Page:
Ana Maria and Carolina’s words seem to complete those of Hannah Arendt: listening to the painful stories of the victims tell is “carrying them together”, it is “becoming the container” of the stories and deeply “fall in love with the stories”. We believe that it was at the same time “telling her wounds as part of a larger story” and “carrying together” the stories of each woman that, returning to Hannah Arendt’s words, “gave it meaning and made them more bearable”.
Arendt H., Men in Dark Times, Mariner Books, New York 1970.
Grant D., Jennings M. “Processing the Peace: An Interview with Teya Sepinuck”, in Contemporary Theatre Review, vol. 23, n. 3, 2013, pp. 314-322.
Grant D., “Shoulder to Shoulder: The Co-Existence of Truths in the Theatre of Witness”, in Epinoux y Healy, Post Celtic Tiger Ireland: Exploring New Cultural Spaces, Cambridge Scholars Publishing, Cambridge 2003, p. 14-30.
Miramonti A., How to Use Forum Theatre for Community Dialogue - A Facilitator’s Handbook. Lulu Press, Morrisville 2017.
Miramonti A., “Healing and transformation through arts: theatre for Reconciliation”, in Educazione Aperta, n. 6, 2019.
Miramonti A., “Historias del rio, relatos de ancestros: una experiencia de teatro testimonial con mujeres afrodescendientes del rio Yurumangui, in Papel Escena, Cali 2020 (forthcoming).
Sepinuck T., “Living with Life. The Theatre of Witness as A Model of Healing and Redemption” in Shailor J. (editor), Performing New Lives: Prison Theatre, Kingsley, London 2011.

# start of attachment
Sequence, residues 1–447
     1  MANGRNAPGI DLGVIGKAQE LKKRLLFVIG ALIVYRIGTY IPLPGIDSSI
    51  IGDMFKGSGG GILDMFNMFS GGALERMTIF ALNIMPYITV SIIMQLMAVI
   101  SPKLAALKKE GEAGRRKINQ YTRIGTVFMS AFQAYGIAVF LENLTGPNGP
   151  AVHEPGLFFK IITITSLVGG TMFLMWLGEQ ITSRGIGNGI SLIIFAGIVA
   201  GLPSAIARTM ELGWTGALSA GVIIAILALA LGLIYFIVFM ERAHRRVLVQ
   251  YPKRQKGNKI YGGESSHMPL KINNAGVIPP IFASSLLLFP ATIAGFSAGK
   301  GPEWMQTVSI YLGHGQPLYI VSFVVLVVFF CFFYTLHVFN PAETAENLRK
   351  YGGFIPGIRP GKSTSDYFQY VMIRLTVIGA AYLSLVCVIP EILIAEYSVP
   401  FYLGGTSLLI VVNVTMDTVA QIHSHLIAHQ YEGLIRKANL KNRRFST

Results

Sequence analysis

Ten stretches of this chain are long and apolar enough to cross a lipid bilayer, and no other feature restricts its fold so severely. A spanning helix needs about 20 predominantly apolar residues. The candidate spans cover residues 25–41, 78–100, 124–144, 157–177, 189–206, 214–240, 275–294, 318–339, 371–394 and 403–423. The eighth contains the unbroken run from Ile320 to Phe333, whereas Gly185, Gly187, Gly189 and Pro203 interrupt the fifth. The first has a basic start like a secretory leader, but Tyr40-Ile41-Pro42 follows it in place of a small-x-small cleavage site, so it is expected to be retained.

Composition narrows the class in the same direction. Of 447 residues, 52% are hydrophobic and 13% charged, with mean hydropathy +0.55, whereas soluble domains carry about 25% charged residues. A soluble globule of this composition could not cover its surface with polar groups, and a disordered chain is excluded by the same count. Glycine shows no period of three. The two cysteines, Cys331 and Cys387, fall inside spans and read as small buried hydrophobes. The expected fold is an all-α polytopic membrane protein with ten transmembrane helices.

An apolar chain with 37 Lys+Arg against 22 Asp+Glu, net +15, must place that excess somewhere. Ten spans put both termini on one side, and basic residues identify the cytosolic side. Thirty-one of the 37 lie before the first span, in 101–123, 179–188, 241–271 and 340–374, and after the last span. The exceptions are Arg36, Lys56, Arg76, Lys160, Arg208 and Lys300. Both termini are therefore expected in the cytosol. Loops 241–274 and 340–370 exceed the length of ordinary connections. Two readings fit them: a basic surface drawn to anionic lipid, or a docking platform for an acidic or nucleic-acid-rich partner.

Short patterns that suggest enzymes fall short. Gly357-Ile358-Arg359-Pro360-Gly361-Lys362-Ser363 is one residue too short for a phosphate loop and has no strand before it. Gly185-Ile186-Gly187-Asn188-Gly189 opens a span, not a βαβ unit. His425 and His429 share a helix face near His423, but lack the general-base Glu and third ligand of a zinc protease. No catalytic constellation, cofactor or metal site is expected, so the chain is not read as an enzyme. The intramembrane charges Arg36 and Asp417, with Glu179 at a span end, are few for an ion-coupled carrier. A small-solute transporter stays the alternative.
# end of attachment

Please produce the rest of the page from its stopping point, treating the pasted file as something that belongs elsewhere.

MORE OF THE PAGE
Sepinuck T., Theatre of Witness - Finding the Medicine in Stories of Suffering, Transformation and Peace. Kingsley, London 2013.
Vivas C., Dramaturgia y presente, Umbral Teatro, Bogotá 2012.
Angelo Miramonti is Professor of Community Theatre at the Departmental Institute of Fine Arts in Cali, Colombia. Trained in Theatre of the Oppressed, Drama Therapy and Theatre of Witness, since 2009 he has been facilitating workshops and staged plays in Europe, Africa and Latin America. He also coordinated programmes for the rehabilitation of child soldiers in Uganda and Congo. Since 2014 he is conducting ethno-psychiatric research on possession rituals among the Lebou women in Senegal. Since 2017, she has been coordinating a research project on the use of creative arts to support peacebuilding and reconciliation in the Colombian armed conflict.
 A. Miramonti, “Healing and transformation through arts: theatre for Reconciliation”, in Educazione Aperta, n. 6, 2019.
 T. Sepinuck T., Theatre of Witness - Finding the Medicine in Stories of Suffering, Transformation and Peace. Kingsley, London 2013.
 T. Sepinuck T., Theatre of Witness - Finding the Medicine in Stories of Suffering, Transformation and Peace. Kingsley, London 2013.
 For an account of Sepinuck’s experience in Northern Ireland see Grant D., Jennings M. “Processing the Peace: An Interview with Teya Sepinuck”, in Contemporary Theatre Review, vol. 23, n. 3, 2013, pp. 314-322 and Grant D., “Shoulder to Shoulder: The Co-Existence of Truths in the Theatre of Witness”, in Epinoux y Healy, Post Celtic Tiger Ireland: Exploring New Cultural Spaces, Cambridge Scholars Publishing, Cambridge 2003, p. 14-30.
 A second experience of Theatre of Witness in Latin America is presented in Miramonti A., “Historias del rio, relatos de ancestros: una experiencia de teatro testimonial con mujeres afrodescendientes del rio Yurumangui, in Papel Escena, Cali 2020 (forthcoming).
 See A. Miramonti., How to use forum theatre for community dialogue a facilitator’s handbook. Lulu Press, North Carolina, 2017.
 C. Vivas, Dramaturgia y presente, Umbral Teatro, Bogotá 2012.
 Quote from the Theatre of Witness Training with Teya Sepinuck, Philadelphia, June 2018.
 H. Arendt, Men in Dark Times, Mariner Books, New York 1970, p. 119.